We’re now driving in Malaysia. Scary- eh? I can’t lie. It’s been an adventure. Driving on the opposite side of the road is one thing, but learning the nuances of how to drive here is completely another. Thankfully our cute little 2007 Suzuki Swif (the t fell off) is up for the challenge. After two weeks of bombing around the city and a long weekend tackling the highway (a future blog will update you on that trip), we are starting to get the hang of things. The following are a list of tips and tricks we’ve learned.
- The “rules of the road” are more like suggestions. There is a drivers’ manual and there are rules BUT no one really follows them. If you are stopped at a red light and there is no traffic coming, you will get honked at. It’s much better to follow the lead of other drivers.
- Lanes -what are lanes? Be prepared for anything here. Lanes end suddenly and reappear randomly. There might be 3 lanes marked on the road, but there are 5 lanes of traffic crammed in. When exiting toll booths, it is a complete free for all. Don’t panic!
- There is no such thing as a straight road. The roads wind and wind and wind. Forget the grid system. That is for chumps who don’t think outside of the box. It is much better to see where you want to go, but not be able to get there. That is part of the challenge. Luckily there is a Malaysian app for that! Waze is a necessity to navigate the crazy roads and the traffic patterns.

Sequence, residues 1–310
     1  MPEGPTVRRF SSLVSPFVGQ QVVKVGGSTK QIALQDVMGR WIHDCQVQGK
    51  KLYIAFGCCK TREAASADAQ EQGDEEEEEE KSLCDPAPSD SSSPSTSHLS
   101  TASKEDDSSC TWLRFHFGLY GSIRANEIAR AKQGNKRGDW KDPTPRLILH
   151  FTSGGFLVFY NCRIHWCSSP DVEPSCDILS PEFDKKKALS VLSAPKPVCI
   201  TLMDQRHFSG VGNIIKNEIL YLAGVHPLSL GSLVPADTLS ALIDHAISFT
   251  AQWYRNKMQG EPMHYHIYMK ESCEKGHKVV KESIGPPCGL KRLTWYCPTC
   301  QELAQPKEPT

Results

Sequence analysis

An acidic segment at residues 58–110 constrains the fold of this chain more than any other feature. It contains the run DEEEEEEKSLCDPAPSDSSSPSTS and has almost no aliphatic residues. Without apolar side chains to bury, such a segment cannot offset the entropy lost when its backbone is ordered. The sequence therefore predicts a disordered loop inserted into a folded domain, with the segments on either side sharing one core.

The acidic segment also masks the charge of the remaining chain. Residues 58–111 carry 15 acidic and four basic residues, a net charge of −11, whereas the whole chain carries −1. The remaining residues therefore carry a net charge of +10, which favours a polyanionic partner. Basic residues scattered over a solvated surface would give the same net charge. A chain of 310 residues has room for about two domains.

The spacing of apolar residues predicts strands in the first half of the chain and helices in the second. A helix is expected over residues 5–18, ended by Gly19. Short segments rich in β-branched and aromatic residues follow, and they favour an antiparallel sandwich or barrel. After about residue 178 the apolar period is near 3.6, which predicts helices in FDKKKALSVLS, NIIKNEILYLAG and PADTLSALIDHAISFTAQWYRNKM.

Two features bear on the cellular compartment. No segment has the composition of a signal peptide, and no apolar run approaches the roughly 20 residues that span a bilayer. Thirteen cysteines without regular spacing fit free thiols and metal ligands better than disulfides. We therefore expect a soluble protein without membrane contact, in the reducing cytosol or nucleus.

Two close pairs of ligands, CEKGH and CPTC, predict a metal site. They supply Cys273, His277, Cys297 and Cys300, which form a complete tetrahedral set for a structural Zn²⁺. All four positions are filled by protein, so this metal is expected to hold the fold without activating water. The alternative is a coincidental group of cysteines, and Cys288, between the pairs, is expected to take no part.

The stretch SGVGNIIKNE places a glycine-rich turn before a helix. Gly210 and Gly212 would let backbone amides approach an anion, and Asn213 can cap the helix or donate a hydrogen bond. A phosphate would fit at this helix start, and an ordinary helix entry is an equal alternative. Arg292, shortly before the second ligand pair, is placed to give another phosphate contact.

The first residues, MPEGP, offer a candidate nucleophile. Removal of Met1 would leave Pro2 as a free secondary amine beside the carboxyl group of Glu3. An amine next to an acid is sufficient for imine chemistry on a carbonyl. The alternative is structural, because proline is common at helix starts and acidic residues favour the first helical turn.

- Even the suggestions don’t apply to motorcyclists. These brave (and I use that term loosely) souls weave in and out of traffic at a scary pace. Always be on the lookout for them on either side of your car.
- People will let you merge. Despite the apparent chaos, most times people seem complacent with their system of driving. Remarkably, you rarely hear a horn honk and in traffic jams everyone just does the delicate ballet of letting one another fit into the messed up puzzle that is going nowhere.
- Expect the unexpected. Be ready for people doing stupid things but be comforted by the fact that they expect the same from you. No one bats an eye if you go the wrong way down a one way street. They simply adjust. This makes it not such a bad place to learn.